Driving in bad weather can be scary and very dangerous. It’s best to avoid it altogether, but if you happen to find yourself in a storm or a heavy snowfall, these tips will help.

Heavy Rain


If you need your windshield wipers on, you also need your headlights on – in rain, fog, sleet, freezing rain, or snow. It will help your visibility and also help other drivers to see you.
Double or triple space you normally leave between you and the next car in wet whether. You’ll need even more space to stop on slick roads.
If it’s raining too hard for you to see, try to find a safe place to pull over until the worst of the rain has gone.
Don’t use cruise control in wet or slippery conditions. The cruise control may apply more throttle if the drive wheels start to slip.
If you see a tornado coming your way, find shelter as fast as you can. If that’s not possible, get out of the car and find a ditch to take cover in, protecting your head and neck.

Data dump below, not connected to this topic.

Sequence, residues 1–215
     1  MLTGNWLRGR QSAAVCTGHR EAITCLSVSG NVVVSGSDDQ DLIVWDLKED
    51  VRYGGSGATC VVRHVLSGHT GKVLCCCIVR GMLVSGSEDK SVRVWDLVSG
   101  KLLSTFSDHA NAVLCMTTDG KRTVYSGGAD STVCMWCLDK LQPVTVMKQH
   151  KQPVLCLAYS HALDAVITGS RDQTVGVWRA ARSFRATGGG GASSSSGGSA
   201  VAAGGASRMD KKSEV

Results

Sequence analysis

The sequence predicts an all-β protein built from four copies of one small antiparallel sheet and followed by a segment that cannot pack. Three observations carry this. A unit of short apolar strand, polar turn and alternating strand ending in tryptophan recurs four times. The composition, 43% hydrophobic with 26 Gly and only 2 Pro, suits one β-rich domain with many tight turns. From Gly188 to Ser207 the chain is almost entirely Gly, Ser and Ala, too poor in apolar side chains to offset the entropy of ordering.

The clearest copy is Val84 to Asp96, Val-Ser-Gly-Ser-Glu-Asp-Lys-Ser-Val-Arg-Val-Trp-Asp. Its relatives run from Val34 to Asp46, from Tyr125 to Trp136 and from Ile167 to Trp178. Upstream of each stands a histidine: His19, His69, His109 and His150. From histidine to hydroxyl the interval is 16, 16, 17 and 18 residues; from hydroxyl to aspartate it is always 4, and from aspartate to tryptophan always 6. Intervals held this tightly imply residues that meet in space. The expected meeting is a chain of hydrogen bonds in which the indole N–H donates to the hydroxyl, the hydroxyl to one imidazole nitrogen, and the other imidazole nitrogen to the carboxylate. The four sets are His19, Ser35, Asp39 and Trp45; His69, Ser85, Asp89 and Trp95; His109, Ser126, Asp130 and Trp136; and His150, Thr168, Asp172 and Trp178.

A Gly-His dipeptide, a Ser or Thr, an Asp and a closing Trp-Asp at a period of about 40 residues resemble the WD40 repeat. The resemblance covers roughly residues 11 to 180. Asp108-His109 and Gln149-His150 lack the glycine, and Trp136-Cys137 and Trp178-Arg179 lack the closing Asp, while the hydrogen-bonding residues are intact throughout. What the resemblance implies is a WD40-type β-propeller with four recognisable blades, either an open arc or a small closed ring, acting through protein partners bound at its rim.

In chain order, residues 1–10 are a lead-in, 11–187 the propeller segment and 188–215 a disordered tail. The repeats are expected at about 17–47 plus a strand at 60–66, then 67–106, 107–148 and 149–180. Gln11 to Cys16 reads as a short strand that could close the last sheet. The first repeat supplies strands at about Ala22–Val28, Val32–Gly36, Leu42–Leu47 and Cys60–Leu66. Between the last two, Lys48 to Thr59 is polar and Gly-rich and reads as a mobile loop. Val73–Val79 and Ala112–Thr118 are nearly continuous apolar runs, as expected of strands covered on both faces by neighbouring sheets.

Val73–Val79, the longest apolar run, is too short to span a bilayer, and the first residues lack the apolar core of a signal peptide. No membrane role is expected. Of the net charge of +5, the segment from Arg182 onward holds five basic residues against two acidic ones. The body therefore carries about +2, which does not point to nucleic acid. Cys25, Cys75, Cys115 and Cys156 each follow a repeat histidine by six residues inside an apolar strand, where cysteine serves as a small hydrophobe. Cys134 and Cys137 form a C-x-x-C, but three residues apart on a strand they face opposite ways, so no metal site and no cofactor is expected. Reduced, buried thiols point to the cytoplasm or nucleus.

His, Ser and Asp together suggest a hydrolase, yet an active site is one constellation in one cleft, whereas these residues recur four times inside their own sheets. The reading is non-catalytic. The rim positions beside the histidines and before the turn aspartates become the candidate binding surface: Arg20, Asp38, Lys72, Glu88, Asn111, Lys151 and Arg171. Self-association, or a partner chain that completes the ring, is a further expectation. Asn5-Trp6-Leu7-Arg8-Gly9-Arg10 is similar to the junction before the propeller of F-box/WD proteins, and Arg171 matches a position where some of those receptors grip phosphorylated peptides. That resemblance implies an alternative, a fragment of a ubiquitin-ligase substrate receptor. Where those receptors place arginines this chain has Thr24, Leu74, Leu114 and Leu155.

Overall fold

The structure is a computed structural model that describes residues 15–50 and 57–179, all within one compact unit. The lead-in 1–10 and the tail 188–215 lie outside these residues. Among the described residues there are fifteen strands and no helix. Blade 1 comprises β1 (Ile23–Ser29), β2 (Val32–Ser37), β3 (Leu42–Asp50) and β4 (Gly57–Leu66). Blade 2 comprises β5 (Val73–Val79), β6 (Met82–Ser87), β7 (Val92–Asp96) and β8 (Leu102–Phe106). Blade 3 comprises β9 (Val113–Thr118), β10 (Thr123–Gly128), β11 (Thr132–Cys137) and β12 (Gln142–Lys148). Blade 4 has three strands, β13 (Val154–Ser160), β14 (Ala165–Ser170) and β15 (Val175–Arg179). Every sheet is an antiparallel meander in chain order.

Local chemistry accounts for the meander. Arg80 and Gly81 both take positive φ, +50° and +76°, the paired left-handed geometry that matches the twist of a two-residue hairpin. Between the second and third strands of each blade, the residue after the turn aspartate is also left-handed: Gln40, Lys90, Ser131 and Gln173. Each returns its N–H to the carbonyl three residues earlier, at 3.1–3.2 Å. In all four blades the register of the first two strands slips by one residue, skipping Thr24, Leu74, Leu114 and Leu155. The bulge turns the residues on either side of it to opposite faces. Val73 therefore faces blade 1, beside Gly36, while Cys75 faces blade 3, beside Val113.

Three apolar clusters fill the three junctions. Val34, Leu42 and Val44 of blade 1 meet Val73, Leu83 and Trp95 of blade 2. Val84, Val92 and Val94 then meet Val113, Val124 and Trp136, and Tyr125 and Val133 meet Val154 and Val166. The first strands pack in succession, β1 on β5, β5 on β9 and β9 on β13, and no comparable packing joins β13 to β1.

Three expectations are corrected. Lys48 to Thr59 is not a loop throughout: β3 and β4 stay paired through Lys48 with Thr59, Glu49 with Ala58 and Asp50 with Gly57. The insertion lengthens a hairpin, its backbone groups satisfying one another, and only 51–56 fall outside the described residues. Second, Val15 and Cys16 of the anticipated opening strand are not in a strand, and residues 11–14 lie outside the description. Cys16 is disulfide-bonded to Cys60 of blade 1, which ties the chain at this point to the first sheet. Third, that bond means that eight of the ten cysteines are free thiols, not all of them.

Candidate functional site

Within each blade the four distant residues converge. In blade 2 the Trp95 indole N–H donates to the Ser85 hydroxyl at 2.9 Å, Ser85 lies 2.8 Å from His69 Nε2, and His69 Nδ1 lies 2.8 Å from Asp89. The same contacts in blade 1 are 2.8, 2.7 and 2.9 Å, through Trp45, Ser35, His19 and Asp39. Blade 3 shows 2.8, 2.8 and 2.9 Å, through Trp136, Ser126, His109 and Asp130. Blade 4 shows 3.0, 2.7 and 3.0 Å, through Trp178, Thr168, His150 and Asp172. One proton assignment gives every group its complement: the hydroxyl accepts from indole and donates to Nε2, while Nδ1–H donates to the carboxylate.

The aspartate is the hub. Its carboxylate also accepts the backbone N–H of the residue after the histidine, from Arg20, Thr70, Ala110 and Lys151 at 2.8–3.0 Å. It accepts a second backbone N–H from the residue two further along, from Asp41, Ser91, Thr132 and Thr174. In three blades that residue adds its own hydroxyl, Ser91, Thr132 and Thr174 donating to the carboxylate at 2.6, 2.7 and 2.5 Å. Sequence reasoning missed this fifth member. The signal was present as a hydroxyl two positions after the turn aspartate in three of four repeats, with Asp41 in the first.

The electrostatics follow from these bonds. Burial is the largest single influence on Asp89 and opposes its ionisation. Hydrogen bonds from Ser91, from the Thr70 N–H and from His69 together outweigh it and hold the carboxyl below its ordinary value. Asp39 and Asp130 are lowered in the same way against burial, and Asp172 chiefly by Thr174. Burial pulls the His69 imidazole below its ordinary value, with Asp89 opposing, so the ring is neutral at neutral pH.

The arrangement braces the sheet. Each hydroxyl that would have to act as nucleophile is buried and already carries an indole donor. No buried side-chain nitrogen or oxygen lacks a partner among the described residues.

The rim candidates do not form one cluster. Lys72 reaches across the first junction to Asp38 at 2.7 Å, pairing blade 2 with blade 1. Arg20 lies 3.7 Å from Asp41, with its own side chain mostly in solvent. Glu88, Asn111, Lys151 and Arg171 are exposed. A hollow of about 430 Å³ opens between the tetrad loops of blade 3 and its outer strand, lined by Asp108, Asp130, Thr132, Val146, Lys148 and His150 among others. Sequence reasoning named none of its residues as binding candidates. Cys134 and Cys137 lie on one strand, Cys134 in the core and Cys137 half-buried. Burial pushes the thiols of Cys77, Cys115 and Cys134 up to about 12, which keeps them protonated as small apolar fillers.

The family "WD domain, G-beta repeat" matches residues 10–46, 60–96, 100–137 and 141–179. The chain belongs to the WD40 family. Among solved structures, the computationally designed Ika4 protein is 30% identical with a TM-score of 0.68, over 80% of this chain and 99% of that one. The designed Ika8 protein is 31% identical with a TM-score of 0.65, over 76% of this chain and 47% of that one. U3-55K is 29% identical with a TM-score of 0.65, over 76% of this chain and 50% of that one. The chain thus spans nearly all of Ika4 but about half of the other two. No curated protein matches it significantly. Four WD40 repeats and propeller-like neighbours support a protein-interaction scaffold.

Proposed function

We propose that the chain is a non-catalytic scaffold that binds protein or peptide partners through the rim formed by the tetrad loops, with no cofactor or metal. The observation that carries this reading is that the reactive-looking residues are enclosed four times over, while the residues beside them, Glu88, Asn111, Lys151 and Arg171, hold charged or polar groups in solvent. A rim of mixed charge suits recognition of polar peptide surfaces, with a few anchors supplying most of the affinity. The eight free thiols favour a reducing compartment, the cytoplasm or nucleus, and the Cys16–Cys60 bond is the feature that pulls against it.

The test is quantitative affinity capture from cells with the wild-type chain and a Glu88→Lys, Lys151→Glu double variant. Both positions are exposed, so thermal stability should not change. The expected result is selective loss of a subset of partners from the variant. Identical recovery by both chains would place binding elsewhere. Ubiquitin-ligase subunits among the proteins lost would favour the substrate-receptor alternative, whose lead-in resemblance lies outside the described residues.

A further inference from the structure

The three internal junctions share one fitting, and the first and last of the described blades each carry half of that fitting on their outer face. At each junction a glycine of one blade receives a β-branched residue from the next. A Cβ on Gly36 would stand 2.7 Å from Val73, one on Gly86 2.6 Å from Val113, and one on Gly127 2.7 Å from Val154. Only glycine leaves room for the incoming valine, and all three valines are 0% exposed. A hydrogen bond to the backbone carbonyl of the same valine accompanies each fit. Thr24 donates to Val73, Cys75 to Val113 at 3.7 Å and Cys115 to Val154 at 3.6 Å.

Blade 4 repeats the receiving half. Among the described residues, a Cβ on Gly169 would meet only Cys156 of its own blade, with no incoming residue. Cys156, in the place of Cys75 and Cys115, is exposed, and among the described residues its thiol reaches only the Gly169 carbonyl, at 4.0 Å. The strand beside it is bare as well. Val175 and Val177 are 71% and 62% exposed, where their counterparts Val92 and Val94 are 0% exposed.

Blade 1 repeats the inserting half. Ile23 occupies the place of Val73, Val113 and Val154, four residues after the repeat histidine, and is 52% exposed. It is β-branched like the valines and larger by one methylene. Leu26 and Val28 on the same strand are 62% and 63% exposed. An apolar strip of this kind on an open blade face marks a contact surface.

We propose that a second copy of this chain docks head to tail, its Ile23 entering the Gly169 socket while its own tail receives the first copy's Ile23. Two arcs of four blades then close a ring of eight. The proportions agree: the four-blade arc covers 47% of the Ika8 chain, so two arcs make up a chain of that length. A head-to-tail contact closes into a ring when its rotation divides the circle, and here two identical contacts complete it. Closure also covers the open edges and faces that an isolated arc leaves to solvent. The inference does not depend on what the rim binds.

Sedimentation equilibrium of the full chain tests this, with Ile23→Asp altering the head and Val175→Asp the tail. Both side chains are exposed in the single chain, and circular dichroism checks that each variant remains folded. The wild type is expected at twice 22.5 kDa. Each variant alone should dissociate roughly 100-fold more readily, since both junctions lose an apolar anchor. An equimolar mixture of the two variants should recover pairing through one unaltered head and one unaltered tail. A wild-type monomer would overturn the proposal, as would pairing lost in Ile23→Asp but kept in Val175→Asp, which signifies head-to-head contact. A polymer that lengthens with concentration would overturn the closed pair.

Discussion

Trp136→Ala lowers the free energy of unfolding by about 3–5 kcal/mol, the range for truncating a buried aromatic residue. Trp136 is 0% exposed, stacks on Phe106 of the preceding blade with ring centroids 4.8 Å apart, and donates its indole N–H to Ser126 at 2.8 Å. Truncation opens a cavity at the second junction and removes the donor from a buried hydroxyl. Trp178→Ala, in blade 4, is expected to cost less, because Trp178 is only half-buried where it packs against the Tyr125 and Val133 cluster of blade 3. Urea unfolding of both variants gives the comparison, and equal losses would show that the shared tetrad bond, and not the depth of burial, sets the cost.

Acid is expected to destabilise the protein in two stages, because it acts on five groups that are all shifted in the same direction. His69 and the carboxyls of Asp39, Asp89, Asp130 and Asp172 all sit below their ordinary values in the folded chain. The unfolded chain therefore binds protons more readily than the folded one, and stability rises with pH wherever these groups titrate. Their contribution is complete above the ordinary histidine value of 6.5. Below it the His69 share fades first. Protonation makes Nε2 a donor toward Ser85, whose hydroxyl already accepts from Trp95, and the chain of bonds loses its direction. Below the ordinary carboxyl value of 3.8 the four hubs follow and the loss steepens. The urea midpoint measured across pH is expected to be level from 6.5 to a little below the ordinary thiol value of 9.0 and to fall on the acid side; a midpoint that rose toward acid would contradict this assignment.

Brake gently, and when driving on slippery surfaces like ice or snow, use light pressure on the accelerator pedal when starting. If your wheels start to spin, let up on the accelerator until traction returns.
If you’ve had to dig your car out of snow or ice, or if you’ve backed into the snow, make sure your exhaust tailpipe is clear. If your tailpipe is blocked, you may be breathing carbon monoxide.
If driving a white car during snow fall or after the snow has fallen, your car may be camouflaged by the snow, so turn on your headlights and make it easier for other drivers to see you.
When starting out in bad weather, test your brakes to see how far it takes you to stop.
If you’re stuck in ice or snow, try putting your floor mats under the edge of the tires to give them traction.

Ice and Sleet


In winter, keep an ice scraper with a brush in your glove box in case it snows or sleets. Also, check that you have wiper fluid/de-icer in your car.
Remember that bridges and overpasses can freeze before the roads do.
Ensure that your windshield washer works. You may need it in snow and sleet.


If you’re unsure if you can make it safely in rough weather, it’s best to not attempt your trip. Keep in mind that sometimes the roads are actually worse than they appear to be and risks can be greater. Wait it out if you can.


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